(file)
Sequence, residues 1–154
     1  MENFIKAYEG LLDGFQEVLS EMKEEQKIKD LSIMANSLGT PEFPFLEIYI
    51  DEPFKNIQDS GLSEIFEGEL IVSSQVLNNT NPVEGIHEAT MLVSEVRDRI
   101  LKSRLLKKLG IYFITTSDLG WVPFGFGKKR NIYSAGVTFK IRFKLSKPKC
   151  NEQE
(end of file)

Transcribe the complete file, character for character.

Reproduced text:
Sequence, residues 1–154
     1  MENFIKAYEG LLDGFQEVLS EMKEEQKIKD LSIMANSLGT PEFPFLEIYI
    51  DEPFKNIQDS GLSEIFEGEL IVSSQVLNNT NPVEGIHEAT MLVSEVRDRI
   101  LKSRLLKKLG IYFITTSDLG WVPFGFGKKR NIYSAGVTFK IRFKLSKPKC
   151  NEQE